Also worth noting is that with each business break there usually comes a time frame for its implementation or a time limit on its duration. For example, in his Autumn Statement 2016 Mr Hammond pledged to cut Corporation Tax to 17% by 2020, suggesting that it may drop incrementally over the next few years.

2. Find Funding

Likewise, the Chancellor’s Autumn Statement often announces funding opportunities for UK business growth, to stimulate things like innovation, local economies and overseas trade. This year the Chancellor pledged £400 million through the British Business Bank to invest in innovative small businesses with potential for growth.

Now that these funding opportunities have been announced, businesses that qualify and are interested should waste no time in contacting the British Business Bank to start their application. Fortune favours the brave, and awarding bodies will not knock on doors offering funding.

3. Utilise U-Turns

Just as suppliers should be diligent in checking the recent Autumn Statement for relevant new announcements, they should also check it for any U-turns on business breaks or funding pledged in previous years.

Each year brings new circumstances and challenges that can force policy U-turns, not least when there has been a change of government. Yet one supplier’s curse is often another supplier’s blessing as the scrapping of relief or funding in one area can lead to that assistance being rechanneled into another.

4. Pursue Pipelines

Arguably the most valuable business information in this year’s Autumn Statement is to be found in the new pipelines of work announced by the Chancellor. These pipelines vary from the rather open ‘£800 million to the Scottish Government for infrastructure projects’ to the more specific ‘£7.6 million for urgent and essential repairs to Wentworth Woodhouse heritage house in South Yorkshire’.

Now that the Autumn Statement has been announced, suppliers should research it for pipelines within their sectors and geographical areas of operation, bearing in mind that some sector pipelines – such as those in construction – have a trickle-down effect into others. For instance, a pipeline for building repairs might also bring security services opportunities to guard the building while the repairs are made.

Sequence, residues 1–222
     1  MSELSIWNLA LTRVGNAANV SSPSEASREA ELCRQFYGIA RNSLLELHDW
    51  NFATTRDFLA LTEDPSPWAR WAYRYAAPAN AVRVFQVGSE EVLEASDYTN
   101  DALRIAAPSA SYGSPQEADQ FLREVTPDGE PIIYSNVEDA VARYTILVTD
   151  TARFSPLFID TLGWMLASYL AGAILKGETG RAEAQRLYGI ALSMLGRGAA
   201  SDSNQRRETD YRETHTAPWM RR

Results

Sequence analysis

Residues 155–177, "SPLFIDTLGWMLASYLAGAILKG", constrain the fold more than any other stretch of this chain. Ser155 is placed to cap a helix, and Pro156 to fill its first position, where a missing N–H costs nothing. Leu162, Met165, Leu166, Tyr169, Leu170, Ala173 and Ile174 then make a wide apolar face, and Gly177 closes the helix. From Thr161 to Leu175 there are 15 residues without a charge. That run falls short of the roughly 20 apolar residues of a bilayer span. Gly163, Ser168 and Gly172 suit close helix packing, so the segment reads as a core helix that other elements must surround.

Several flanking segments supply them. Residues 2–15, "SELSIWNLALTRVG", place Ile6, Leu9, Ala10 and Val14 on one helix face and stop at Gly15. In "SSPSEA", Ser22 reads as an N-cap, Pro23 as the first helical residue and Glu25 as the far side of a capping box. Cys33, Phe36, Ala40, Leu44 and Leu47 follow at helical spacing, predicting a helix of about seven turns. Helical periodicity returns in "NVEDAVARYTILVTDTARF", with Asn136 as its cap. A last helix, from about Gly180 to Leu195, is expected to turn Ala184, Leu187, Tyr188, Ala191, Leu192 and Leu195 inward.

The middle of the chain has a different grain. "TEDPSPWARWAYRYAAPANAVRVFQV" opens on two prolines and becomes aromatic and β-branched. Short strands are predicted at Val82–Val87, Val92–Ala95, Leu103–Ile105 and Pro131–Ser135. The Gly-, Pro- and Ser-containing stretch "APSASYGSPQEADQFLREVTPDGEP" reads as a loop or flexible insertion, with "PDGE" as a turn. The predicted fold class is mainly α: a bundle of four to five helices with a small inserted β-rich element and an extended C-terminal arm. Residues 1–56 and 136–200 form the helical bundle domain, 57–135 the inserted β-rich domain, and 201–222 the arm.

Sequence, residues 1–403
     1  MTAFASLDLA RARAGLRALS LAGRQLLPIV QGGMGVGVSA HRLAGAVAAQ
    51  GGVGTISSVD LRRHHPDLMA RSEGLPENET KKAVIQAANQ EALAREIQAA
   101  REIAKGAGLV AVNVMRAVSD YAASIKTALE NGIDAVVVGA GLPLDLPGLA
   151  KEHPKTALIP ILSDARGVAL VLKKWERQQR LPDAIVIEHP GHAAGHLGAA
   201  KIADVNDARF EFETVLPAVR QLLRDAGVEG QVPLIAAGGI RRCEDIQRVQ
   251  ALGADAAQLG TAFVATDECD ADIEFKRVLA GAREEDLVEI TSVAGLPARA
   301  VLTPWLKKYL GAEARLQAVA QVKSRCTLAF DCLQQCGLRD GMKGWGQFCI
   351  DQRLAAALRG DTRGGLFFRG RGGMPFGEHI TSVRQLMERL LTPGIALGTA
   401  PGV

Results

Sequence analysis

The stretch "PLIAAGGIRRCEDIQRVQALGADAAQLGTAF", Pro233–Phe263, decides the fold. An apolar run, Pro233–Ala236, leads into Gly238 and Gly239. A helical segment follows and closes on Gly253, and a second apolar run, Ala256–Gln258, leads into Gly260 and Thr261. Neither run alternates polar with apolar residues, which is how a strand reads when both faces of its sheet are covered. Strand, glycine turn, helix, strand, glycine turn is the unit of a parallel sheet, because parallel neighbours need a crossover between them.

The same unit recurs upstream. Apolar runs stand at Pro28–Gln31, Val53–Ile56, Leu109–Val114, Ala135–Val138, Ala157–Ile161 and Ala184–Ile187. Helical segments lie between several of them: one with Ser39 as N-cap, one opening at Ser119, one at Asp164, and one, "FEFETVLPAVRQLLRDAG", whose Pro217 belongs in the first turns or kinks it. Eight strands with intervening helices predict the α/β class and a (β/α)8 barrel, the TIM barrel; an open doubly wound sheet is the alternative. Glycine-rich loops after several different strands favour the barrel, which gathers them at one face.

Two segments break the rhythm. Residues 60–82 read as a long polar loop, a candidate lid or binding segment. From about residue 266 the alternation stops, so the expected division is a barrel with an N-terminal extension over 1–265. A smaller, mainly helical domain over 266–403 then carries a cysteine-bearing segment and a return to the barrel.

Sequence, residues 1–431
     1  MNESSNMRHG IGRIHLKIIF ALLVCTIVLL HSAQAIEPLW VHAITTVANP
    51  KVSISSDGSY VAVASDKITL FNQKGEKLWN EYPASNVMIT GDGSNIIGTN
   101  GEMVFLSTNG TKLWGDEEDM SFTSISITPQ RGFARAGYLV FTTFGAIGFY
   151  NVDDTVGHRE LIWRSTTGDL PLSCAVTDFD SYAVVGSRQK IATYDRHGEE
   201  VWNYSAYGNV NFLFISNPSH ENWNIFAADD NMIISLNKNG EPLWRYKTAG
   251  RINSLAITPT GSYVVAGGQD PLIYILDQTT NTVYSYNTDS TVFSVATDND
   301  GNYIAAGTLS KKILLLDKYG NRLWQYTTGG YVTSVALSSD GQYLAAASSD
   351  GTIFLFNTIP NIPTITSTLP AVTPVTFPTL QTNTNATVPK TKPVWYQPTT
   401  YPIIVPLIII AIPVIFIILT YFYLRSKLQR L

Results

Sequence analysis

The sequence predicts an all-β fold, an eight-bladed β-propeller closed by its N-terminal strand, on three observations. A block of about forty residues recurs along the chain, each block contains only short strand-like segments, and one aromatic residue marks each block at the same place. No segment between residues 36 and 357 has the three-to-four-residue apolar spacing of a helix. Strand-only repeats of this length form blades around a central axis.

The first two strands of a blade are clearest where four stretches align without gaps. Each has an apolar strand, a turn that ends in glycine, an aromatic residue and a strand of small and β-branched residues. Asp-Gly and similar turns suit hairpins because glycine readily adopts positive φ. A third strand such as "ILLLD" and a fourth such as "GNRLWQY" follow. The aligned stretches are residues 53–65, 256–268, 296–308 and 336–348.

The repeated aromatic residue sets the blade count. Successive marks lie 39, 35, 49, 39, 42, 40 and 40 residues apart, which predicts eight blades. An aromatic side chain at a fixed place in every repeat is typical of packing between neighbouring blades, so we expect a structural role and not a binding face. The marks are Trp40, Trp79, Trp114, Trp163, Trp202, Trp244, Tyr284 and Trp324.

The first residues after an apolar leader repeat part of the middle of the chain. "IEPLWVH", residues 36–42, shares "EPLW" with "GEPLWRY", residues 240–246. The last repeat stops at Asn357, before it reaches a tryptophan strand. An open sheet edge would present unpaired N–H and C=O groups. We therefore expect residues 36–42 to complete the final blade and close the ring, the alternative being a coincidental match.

After identifying a potential future pipeline of work, suppliers should then scan the procurement horizon for this work being put out to tender. This can be done by using a contracts finder service, checking national or local authority contract portals, monitoring news stories, or attending council meetings and networking events.

For best practice guidance on finding contracts, read The Ultimate Guide to Winning Government Contracts, Chapter 4.

5. Contact Contractors

Every now and then an Autumn Statement or Budget goes one step further, not only outlining new pipelines of work but also announcing the Tier 1 contractors who will be running them. For instance, in his Autumn Statement 2016 the Chancellor detailed that £850,000 would be awarded to a Royal Society of the Arts project to promote cultural education in schools. Once the Tier 1 contractor’s name is divulged then suppliers should strike up pre-tender conversations, to establish the scope of sub-contracts available.

Best practice guidance on pre-tender networking can be found in The Ultimate Guide to Winning Government Contracts, Chapter 9.

For more information on government opportunities, visit the BiP Solutions Resources page.

Autumn Statement Industry Highlights

Autumn Statement Industry Highlights

On 23 November, Chancellor of the Exchequer Philip Hammond announced the Government’s 2016 Autumn Statement, pledging £23 billion of additional spending via the new National Productivity Investment Fund (NPIF).

Among the sectors receiving fresh investment are infrastructure, housing, transport, exports, defence and security, R&D, oil and gas, communications, culture and media.